QUITO, Ecuador — Ecuador is planning to create the world's first government-issued digital currency, which some analysts believe could be a first step toward abandoning the country's existing currency, the U.S. dollar, which the government cannot control. The virtual currency, which Central Bank officials expect to start circulating in December, doesn't yet have a name and officials wouldn't disclose technical details, though they said it would not be like Bitcoin. By Gonzalo Solano. SENT: 600 words, photo.


BEIJING — China's biggest property developer, Wanda Group, and Internet giants Baidu and Tencent unveil a new e-commerce venture in a challenge to industry leader Alibaba Group ahead of its U.S. stock offering. The three companies said they will integrate online and offline selling, with e-commerce services in Wanda's 107 shopping malls, as well as its hotels and resorts. They said they would invest 5 billion yuan ($814 million) to start. By Joe McDonald. SENT: 430 words.

— CHINA-TESLA-CHARGING STATIONS — Tesla Motors Co. and a state-owned Chinese phone carrier announce plans to build 400 charging stations for electric cars in a new bid to promote popular adoption of the technology in China. Plans call for China Unicom Ltd. to provide space for construction and basic services in 120 cities while Tesla operates the stations. SENT: 320 words.



TOKYO — Japan and India both have much to gain from a visit by Prime Minister Narendra Modi and more than a dozen Indian steel, energy and IT tycoons that begins Saturday in the ancient capital of Kyoto. By Elaine Kurtenbach. SENT: 950 words, photos.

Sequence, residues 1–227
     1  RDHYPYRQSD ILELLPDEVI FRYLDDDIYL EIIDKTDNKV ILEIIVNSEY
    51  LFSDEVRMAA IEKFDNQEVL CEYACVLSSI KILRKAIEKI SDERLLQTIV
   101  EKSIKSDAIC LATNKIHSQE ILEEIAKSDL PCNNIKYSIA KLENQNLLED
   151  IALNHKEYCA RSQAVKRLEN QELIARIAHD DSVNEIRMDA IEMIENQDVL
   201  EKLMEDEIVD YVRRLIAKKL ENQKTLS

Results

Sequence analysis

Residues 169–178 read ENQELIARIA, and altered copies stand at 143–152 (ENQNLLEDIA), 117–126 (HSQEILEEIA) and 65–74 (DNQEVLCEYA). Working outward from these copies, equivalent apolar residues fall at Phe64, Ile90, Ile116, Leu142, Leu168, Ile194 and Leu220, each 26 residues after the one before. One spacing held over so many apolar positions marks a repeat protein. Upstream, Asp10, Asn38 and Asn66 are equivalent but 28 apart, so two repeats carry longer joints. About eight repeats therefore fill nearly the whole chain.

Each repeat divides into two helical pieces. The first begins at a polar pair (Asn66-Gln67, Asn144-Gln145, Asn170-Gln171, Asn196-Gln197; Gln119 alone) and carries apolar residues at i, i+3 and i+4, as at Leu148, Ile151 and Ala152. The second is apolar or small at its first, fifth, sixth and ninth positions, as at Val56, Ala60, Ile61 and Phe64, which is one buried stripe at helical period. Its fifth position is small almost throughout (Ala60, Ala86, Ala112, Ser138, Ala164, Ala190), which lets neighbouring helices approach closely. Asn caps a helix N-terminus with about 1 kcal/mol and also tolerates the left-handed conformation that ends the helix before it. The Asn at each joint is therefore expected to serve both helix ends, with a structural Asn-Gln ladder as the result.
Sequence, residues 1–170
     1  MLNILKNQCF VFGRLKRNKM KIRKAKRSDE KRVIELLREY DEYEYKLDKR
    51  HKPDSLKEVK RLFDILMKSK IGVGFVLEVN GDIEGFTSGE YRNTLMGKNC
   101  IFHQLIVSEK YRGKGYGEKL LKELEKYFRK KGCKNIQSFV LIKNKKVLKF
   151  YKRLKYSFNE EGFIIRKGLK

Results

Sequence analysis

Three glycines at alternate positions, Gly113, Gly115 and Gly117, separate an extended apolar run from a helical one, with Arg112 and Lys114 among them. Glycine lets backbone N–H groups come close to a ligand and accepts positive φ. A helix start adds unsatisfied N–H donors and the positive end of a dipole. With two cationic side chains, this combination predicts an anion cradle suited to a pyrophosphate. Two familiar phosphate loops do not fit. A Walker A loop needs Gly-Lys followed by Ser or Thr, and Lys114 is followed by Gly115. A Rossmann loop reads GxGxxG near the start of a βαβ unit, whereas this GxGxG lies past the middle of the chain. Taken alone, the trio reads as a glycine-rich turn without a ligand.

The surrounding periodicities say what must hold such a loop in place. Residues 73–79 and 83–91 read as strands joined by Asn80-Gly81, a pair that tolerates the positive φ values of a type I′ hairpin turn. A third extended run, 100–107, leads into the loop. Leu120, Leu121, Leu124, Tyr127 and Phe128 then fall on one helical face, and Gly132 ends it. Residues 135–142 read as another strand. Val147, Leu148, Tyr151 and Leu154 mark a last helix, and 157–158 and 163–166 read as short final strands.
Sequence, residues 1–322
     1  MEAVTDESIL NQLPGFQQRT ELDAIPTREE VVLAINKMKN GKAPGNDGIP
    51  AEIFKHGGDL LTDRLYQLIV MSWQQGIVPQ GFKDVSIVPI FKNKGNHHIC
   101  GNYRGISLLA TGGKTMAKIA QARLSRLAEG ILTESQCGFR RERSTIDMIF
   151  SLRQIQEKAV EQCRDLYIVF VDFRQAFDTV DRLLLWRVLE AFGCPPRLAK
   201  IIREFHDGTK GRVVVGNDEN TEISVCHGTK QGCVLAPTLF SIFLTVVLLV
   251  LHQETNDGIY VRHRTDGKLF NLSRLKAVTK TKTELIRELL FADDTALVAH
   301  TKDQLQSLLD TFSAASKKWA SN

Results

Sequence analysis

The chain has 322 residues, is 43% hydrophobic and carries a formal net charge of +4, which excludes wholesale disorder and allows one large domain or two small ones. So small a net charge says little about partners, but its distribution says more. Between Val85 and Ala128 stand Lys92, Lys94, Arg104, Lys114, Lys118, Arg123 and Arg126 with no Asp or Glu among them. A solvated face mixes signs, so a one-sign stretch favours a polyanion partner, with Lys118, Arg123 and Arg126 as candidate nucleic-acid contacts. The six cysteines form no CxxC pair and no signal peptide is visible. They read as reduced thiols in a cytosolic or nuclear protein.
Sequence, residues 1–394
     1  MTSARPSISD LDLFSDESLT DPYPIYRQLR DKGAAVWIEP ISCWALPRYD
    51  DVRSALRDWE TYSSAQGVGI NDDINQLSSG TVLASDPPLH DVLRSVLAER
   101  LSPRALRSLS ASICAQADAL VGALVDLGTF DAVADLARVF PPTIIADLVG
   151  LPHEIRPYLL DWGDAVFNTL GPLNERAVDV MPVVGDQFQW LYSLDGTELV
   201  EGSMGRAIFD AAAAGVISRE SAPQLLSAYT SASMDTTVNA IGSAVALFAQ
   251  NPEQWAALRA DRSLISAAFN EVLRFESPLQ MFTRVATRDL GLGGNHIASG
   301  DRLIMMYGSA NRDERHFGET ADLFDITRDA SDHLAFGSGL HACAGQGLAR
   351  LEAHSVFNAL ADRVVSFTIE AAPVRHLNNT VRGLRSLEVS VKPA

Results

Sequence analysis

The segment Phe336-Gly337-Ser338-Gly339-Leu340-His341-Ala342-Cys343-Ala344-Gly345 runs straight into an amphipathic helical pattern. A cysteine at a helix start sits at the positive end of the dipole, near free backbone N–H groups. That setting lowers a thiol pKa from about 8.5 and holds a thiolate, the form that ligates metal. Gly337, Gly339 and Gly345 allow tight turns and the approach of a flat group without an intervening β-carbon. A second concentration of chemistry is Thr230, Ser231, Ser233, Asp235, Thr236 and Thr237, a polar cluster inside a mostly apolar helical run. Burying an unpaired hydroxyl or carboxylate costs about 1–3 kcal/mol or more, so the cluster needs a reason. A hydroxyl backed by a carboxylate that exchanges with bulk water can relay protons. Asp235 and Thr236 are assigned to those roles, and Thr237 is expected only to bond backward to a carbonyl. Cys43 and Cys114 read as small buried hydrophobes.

— JAPAN-ECONOMY — Japan's vital signs remain weak in July as wages fell further and household spending dropped, signaling continued weakness in the world's third-largest economy. By Elaine Kurtenbach. SENT: 540 words, photos.


RIO DE JANEIRO — It's the last thing President Dilma Rousseff's struggling re-election campaign needed: an economy heading into recession. But that's what the beleaguered leader is facing. Brazil's government says its GDP has dropped for a second straight quarter, hurt by soft consumption, a drop in foreign investment and limp industrial output partly blamed on the World Cup and all the days off it gave workers. By Brad Brooks. SENT: 850 words, photos.

— GERMANY-PILOTS-STRIKE — Thousands of passengers are feeling the impact of a pilots strike in Germany after negotiations between the country's biggest airline Lufthansa and the union representing pilots collapsed over a long-running dispute regarding wages and early retirement benefits. Germanwings, a subsidiary of Germany's biggest airline Lufthansa, said up to 15,000 passengers were affected the strike. SENT: 130 words, photo.

— NICARAGUA-MINERS TRAPPED — Rescuers work to reach at least 24 miners trapped in a gold mine landslide in northern Nicaragua. SENT: 250 words, photo.

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Room to run?

The Standard & Poor's 500 traded above 2,000 for the first time in August. A look at news and market milestones from the past month. UPCOMING: Graphic expected by 6 p.m.


Big Lots slides

Shares of Big Lots fell Friday after the company reported an increase in same store sales of 1.7 percent, which was just above the mid-point of the company's guidance of 1 percent to 3 percent. UPCOMING: Graphic expected by 6 p.m.